Saturday, May 10, 2014

Tomlinson Hill: Take II

Closeup of map from the US Census of 1860. 

Tomlinson Hill (2013), directed by Lisa Kaselak, who is also executive producer along with Chris Tomlinson; the latter's book of the same name will be published in July 2014.

Historical contextJust before the American Civil War of 1861-1865, most of the population of Texas lived in the eastern half of the state. Most Comanche, Kiowa, Caddo and other "First Nations" (Canadian term) had been driven or "removed" to the North (now Oklahoma) and West by 1860. At the same time, black slave labor had been moved or was being moved into Texas by white slave owners from the "Old Southwest" (Alabama, for instance) and other slaveholding states, as well as illegally via the Atlantic. Slave laborers were concentrated from the Red River line to just above Indianola, and being pushed westward beyond Fort Worth, often having to create and then work cotton fields wherever it was considered feasible. In 1860, about 30% of the population of Texas-- according to the US census count -- consisted of "black" and "mulatto" slaves. As is pointed out in Tomlinson Hill, tens of thousands more slaves were relocated from other parts of the South to Texas in response to Union victories elsewhere in the Confederacy, their owners fleeing -- and forcing them, their slaves, to come along -- from war zones threatened with active emancipation.

Many slaves living in Texas, mostly illiterate by design of their owners, must still have known at least generally about the Emancipation Proclamation by word of mouth, well before Juneteenth -- June 19th, 1865 -- when Union Major General Gordon Granger, who had landed in Galveston backed with troops and ships, announced the facts: slavery was formally ended in the South, even in Texas.* 

For the second half of 1865, some 50,000 Union troops occupied parts of Texas, mostly south of Tomlinson Hill and Marlin, particularly in and around Austin, Indianola, Victoria, San Antonio, Corpus Christi and Brownsville. These troops were a show of force against both Texas Confederates and French imperial claims in Mexico. (Full disclosure: Samuel France, my great great grandfather, was a member of the Union occupying force, serving in the 31st Indiana Veteran Volunteers until he was mustered out in Victoria, Texas, on December 8, 1865, with the rest of his regiment).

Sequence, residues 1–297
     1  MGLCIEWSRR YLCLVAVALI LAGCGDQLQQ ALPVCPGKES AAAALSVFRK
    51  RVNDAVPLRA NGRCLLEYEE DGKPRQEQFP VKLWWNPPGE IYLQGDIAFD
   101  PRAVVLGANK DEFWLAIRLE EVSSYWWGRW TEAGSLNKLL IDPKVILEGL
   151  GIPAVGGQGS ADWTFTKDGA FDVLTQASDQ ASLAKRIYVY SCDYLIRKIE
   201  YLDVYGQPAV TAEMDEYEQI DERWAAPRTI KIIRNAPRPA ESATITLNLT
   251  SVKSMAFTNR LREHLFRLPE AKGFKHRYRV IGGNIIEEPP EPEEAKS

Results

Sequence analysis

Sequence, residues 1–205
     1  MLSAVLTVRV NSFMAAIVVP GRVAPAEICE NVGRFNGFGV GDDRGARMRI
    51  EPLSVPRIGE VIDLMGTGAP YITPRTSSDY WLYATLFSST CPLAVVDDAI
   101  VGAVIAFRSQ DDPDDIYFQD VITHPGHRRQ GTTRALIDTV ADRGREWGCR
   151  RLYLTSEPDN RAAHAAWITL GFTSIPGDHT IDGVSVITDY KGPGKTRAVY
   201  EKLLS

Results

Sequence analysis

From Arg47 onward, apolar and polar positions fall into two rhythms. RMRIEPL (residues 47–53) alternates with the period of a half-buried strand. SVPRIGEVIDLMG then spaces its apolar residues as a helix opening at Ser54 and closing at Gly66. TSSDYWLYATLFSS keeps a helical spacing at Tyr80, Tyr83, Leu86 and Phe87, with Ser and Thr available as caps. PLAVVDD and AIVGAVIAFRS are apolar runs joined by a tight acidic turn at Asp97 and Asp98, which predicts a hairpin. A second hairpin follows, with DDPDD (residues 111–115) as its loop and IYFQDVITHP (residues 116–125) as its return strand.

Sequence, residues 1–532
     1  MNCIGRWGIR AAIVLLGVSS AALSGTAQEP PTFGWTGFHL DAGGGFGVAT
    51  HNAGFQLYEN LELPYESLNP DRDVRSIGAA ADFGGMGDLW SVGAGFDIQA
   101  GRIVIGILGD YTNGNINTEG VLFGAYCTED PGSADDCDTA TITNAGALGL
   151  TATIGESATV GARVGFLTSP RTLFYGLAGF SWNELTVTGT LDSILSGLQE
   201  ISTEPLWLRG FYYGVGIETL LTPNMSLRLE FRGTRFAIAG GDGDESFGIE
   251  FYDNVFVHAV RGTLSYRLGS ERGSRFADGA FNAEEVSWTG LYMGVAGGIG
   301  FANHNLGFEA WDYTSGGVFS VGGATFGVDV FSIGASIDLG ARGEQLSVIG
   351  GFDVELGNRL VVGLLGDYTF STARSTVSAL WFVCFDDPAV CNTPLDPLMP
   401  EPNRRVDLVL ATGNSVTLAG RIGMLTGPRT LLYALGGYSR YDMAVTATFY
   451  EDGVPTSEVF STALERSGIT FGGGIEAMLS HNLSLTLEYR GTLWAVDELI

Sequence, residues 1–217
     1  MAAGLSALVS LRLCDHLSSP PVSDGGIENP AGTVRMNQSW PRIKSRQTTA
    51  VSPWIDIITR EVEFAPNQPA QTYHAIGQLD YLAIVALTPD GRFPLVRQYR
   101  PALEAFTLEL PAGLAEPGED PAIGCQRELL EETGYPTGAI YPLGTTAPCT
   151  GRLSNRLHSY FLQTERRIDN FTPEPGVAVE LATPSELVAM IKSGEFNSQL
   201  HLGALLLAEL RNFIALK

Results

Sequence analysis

Now, with regards to Marlin and Tomlinson Hill, Texas, significant populations of slave laborers were moved into place from Alabama by their white owners in the latter 1850s, before the war: 240, 68 and 24 people respectively among three families. After effective emancipation, many of the freedmen formerly owned by the Tomlinsons adopted the Tomlinson family name. The "black" and "white" Tomlinsons became "like distant cousins," but as Chris Tomlinson also points out, at one count before emancipation, "eight child slaves were mulatto and had been born since the move from Alabama." Meaning, of course, that at least some black and white Tomlinsons were -- and are -- genetically related, too, of "blended" or "biracial" background, and actual blood relatives.

Elsewhere in Tomlinson Hill, Fred L. McGhee, maritime archaeologist and historical anthropologist, points out that Texas [mostly from what now we would call East Texas, out to about Weatherford, situated near what was, by the end of the American Civil War, the crumpled Western frontier of the Confederacy] "is a Southern state. The economic, cultural and social basis of 19th century Texas is slavery. Its basis was plantation agriculture. It was . . . 'an Empire for Slavery.'"

So, how did the freedmen in Texas fare after Juneteenth 1865? And how did the "powers that be" fare in the ensuing 150 years?  Clue: take a look at Texas politics today, from the governor to the state legislature to the US Senate. What do you observe?  

Finally for now, I want to also delve into the growing Hispanic population of Texas in general, and Marlin specifically, at some point. 

[To be continued in a future post].

*Slavery was not ended in the Choctaw Nation, in Oklahoma, until 1866.

Today's Rune: Harvest. 

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